Kit : P-47D "THUNDERBOLT"
Price: MSRP $32.00 (shop for mail order bargains)
Kit No: JT-41
Media: Injection-molded plastic
Decals: two different aircraft of the 9th AF
Reviewed By: Thomas McKelvey Cleaver (THE AERONUT)
For an airplane as important as the P-47 was, I don't think it's been well-served by the kit manufacturers. That changed last year with Hasegawa's release of the late-model bubbletop P-47D. This kit has everything in it a modeller needs to do the P-47D-25 to -30 models, and the P-47M. It has both the Hamilton-Standard hydraulic prop blades and the Curtiss-Electric paddle blades. There is a separate fin extension for the later models, and the underwing pylons are separate moldings. This is particularly nice when doing a 56th Fighter Group P-47, as they kept pylons off most of their D's, and all of the M's. Check your references when deciding what model you're making, as these items are what visually distinguish the various versions from each other.
One thing I really liked was the canopy. At first, I thought the windscreen was too small, after doing the old Monogram kit and the Academy P-47N. A check with Roger Freeman's book "Thunderbolt," with its excellent and accurate drawings, showed me that finally someone had done the thing correctly! I've complained about the lack of detail in the cockpits Japanese kit manufacturers provide, but for once, Hasegawa has provided a cockpit that is entirely acceptable. For those demons-for-accuracy types, there is a very nice True Details resin cockpit available, and I recommend it if you think you need it. I put photo-etch seatbelts in the kit cockpit and everything looks just fine. Overall fit is the standard we have come to expect from the Japanese kit-makers and I didn't use any putty.
To me, the one place Hasegawa has been falling down recently is their decals, and this kit is no exception. The decals for the national markings and squadron markings are too translucent, though all the little stencils are just fine. Fortunately, both Aeromaster and SuperScale have been busy producing really wonderful aftermarket decals for the Thunderbolt, both P-47D's and P-47M's, so you have a wide choice of individual aircraft to model.
I wanted to do Gabby Gabreski's last P-47, which he crashed in while strafing a field at Coblenz when his prop hit a rise in the ground. This presented some difficulty, as no one has as yet done this aircraft in the aftermarket sheets. I was lucky to have kept an old sheet from the Monogram kit, which provided the serial number, squadron codes and kill markings. The national insignias came from Aeromaster's sheet of stars and bars. This is a difficult aircraft to reproduce. There are only two photographs I am aware of that are of any help, and if you don't know what you're looking at they are of no help. The one taken from the airplane's 10 o'clock as the pilot does a run-up is most useful. You can see the larger size of the underwing insignia, that it's on both wings, and that the airplane does not use underwing pylons. Past that, though, things get confusing, due to the fact that this was the period when the 56th Fighter Group started camouflaging their aircraft in very non-standard ways. At this time they were still going for actual camouflage, not the individual squadron decoration their '"camouflage schemes" became with the P-47M. The aircraft mostly used RAF Ocean Grey and Dark Green uppers, with Sea Grey Medium lower surfaces (there are instances of Sea Grey medium and Dark Sea Grey or Ocean Grey uppers, which became standard for the 63rd FS with the "M").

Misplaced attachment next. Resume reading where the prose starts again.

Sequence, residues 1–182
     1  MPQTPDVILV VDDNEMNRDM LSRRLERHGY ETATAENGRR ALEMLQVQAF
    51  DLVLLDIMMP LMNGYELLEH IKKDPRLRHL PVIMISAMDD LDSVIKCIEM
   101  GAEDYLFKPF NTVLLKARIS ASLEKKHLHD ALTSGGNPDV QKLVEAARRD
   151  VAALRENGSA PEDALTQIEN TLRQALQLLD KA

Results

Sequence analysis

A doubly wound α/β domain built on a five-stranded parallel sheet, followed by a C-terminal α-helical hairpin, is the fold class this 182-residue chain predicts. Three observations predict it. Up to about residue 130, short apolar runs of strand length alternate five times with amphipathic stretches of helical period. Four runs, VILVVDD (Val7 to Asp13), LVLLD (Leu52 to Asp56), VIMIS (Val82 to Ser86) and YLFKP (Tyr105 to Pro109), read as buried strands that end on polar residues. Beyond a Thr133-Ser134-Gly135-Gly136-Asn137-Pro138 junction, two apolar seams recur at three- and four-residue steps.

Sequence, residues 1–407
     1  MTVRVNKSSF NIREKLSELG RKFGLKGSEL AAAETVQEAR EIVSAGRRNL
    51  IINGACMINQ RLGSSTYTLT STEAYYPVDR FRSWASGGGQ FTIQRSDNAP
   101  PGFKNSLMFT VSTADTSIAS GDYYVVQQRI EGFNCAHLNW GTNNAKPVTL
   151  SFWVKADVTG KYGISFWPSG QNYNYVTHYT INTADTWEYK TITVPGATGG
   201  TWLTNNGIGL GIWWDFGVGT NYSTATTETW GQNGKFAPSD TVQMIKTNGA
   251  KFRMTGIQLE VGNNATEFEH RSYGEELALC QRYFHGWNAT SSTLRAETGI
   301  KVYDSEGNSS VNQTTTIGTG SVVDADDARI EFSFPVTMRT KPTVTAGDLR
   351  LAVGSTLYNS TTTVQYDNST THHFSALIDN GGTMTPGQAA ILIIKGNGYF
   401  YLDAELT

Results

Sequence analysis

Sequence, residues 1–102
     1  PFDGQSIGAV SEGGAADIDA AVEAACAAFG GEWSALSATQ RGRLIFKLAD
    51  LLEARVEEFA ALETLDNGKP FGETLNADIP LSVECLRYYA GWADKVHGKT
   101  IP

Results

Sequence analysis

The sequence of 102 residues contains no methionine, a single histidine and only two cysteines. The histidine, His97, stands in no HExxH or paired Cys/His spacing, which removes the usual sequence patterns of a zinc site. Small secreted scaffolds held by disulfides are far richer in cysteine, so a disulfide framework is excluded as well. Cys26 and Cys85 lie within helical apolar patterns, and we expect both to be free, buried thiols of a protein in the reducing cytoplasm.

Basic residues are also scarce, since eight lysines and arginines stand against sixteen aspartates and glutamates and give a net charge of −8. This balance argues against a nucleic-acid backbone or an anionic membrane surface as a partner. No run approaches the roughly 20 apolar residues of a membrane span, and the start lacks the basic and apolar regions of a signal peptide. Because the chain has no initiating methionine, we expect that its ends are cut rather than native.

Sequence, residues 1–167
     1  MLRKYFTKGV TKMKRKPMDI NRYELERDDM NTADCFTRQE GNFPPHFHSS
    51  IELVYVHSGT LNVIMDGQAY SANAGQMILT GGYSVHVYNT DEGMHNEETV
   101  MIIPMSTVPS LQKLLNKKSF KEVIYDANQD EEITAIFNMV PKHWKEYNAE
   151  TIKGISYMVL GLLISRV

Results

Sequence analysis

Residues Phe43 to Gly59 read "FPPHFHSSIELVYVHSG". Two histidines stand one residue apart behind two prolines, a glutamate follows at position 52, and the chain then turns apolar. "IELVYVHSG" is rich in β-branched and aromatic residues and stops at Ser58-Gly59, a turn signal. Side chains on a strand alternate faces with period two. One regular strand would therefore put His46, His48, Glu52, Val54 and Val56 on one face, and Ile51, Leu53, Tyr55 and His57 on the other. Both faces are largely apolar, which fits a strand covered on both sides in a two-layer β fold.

The problem past that is that no two aircraft were done the same. Look at a photo of Dave Schilling's plane and you see an RAF-style camouflage, although the green areas are applied with a freehand spray. Gabby's airplane is more problematic. Fortunately, I had once met him at an AFAA convention where I asked about the airplane. He said he'd asked for it to be painted "Luftwaffe Style, " with blotches of green mottle over grey. If you look at that photo with this information, you can see this clearly. I used an "RAF-style" overall pattern (which is what the painters would have been familiar with) done "Luftwaffe-style."
Another sticking point is the D-Day invasion stripes. It looks in the photo as if the black underwing stripes do not carry over onto the upper surface, and a close examination that part of the fuselage stripes that are visible gives the impression there are no black stripes on the upper surface there, either, merely thin black outlines of the white stripes. According to Gabreski, "those stripes compromised camouflage." He had the black removed from the upper surfaces, though he kept the white. In this, he was a month ahead of the rest of the allied air forces, which began removing D-Day stripes from aircraft upper surfaces in early July. You can do the airplane with standard stripes, since he did carry them for a week, but if you're doing the airplane at the end of its career, the scheme in the accompanying photograph is likely as right as anyone's going to get.
My overall impression of this kit is a solid "A." I'm going to do another
one as Witold Lanowski's P-47M with the dark purplish-black upper surfaces.
I look forward to Hasegawa bringing out a "razorback," and hope it won't
be as long as it was between them bringing out the Bf-109G-2 (1992) and the
Bf-109G-6 (last month). The kit is definitely worth even the MSRP, and makes
an excellent addition to your collection.
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